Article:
There was more bad news from the investment banking sector yesterday when Morgan Stanley Dean Witter reported a 36 per cent fall in second-quarter profits and Société Générale, France's third biggest bank, said it was considering cuts among its 3,000 equities staff around the world.
Société Générale is expected to cut about 3 per cent of its equities staff, amounting to about 90 people. The bank is repositioning to concentrate more on a pan-European, sector-based approach. The bank has not ruled out job cuts in London where it has 800 employees in equities.
The cuts follow similar retrenchments at Merrill Lynch, Credit Suisse First Boston and Morgan Stanley, which announced 1,500 job cuts in April. The so-called "bulge bracket" firms have all been struggling in the face of weak stock markets and declining fees from mergers and flotations.
Yesterday Morgan Stanley announced profits of $930m (£659m) for the three months to May, down from $1.5bn in the same period in the previous year. The fall was due to a slump in underwriting fees, merger advisory work and equity trading. Net revenue for the quarter fell 15 per cent to $6bn.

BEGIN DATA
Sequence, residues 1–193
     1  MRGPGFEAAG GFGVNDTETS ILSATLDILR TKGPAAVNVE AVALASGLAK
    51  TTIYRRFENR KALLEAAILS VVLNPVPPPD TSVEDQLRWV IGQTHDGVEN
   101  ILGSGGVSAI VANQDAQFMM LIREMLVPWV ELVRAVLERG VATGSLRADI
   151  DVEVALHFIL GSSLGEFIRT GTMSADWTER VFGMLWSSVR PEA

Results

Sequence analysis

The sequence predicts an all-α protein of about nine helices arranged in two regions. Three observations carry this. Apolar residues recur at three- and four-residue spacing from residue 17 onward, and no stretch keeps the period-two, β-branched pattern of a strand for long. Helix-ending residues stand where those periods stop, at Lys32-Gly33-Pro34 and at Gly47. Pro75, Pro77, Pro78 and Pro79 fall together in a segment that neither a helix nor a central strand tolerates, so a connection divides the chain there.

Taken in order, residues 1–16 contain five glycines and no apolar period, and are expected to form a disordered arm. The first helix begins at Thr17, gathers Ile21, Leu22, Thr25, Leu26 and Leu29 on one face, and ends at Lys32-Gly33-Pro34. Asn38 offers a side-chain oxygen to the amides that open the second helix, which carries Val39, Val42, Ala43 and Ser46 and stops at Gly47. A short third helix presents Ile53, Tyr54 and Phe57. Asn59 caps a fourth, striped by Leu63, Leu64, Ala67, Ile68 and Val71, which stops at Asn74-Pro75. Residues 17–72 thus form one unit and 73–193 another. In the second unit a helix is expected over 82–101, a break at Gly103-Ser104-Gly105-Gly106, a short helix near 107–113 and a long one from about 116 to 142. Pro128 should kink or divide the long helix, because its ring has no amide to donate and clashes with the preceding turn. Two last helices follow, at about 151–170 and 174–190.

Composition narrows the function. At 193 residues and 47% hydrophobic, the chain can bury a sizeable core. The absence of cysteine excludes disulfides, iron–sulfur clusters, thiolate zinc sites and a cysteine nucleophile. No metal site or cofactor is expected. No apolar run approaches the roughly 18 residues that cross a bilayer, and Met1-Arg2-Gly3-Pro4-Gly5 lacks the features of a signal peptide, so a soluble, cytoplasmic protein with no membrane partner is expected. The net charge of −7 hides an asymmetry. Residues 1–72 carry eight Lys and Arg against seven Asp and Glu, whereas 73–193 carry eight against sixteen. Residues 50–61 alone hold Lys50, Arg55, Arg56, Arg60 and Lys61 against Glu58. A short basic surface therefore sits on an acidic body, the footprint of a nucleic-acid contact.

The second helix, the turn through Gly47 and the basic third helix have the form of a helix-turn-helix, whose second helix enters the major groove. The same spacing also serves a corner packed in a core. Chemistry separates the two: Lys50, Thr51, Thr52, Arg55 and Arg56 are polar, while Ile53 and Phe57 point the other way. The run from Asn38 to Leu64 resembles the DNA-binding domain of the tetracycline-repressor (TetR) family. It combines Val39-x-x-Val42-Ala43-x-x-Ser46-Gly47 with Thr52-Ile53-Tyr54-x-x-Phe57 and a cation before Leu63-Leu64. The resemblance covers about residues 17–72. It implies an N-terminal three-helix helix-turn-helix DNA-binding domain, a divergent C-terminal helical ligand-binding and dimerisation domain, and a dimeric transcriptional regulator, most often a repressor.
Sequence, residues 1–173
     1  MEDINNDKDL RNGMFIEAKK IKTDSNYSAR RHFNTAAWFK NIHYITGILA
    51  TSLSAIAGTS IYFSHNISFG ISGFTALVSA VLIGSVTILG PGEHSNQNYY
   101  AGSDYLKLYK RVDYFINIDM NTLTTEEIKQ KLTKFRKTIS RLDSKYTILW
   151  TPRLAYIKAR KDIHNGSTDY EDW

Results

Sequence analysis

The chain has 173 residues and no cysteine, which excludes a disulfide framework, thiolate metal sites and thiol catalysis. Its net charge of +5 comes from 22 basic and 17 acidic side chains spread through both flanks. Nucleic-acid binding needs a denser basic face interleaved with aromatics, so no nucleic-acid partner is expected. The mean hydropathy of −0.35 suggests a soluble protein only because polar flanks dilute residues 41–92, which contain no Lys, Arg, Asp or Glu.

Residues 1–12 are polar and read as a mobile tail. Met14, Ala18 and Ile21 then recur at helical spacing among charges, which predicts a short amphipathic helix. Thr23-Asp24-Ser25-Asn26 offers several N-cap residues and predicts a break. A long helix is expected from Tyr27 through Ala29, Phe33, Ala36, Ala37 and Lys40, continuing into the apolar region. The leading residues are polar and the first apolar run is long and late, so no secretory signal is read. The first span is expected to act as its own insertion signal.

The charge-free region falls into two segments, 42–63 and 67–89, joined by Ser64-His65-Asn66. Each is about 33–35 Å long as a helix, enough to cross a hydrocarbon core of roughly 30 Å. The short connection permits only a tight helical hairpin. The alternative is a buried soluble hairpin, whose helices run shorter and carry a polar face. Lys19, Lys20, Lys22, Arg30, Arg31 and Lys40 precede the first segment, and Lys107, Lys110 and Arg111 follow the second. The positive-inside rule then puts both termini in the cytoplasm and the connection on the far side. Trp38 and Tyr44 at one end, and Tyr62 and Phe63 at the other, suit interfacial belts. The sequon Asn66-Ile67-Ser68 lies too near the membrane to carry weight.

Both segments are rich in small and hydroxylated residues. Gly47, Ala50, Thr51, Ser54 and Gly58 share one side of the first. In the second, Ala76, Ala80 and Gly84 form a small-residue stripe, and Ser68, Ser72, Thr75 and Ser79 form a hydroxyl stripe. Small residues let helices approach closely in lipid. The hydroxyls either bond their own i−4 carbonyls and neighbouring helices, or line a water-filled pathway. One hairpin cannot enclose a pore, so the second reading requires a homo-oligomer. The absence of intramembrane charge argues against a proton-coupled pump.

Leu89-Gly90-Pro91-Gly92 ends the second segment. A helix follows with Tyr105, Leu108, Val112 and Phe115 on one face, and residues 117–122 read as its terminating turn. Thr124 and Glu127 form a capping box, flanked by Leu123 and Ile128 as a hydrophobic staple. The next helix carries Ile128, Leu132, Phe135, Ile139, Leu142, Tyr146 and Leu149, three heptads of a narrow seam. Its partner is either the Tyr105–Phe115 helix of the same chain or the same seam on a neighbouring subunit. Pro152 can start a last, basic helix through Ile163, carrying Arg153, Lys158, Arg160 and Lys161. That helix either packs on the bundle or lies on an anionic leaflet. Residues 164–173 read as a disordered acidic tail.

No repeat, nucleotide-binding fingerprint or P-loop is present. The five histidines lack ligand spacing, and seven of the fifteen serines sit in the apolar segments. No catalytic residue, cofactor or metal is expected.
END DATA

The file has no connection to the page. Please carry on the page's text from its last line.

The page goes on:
"During the second quarter, we continued to operate in a difficult environment, especially in the securities segment," said the chief executive, Philip Purcell and the president, Bob Scott in a joint statement.
Stephen Crawford, the bank's chief financial officer, added: "The fourth quarter will be stronger."
In the second quarter, revenue from advising on mergers dropped 55 per cent, while underwriting fees fell 29 per cent. Net income at the securities division fell 42 per cent to $635m (£448m). The results follow similar figures from Goldman Sachs this week, when the bank reported a 24 per cent drop in second-quarter profits. Lehman Brothers bucked the trend with a 14 per cent increase.
Like Goldman Sachs, Morgan Stanley has suffered as a result of its big push into technology sector.
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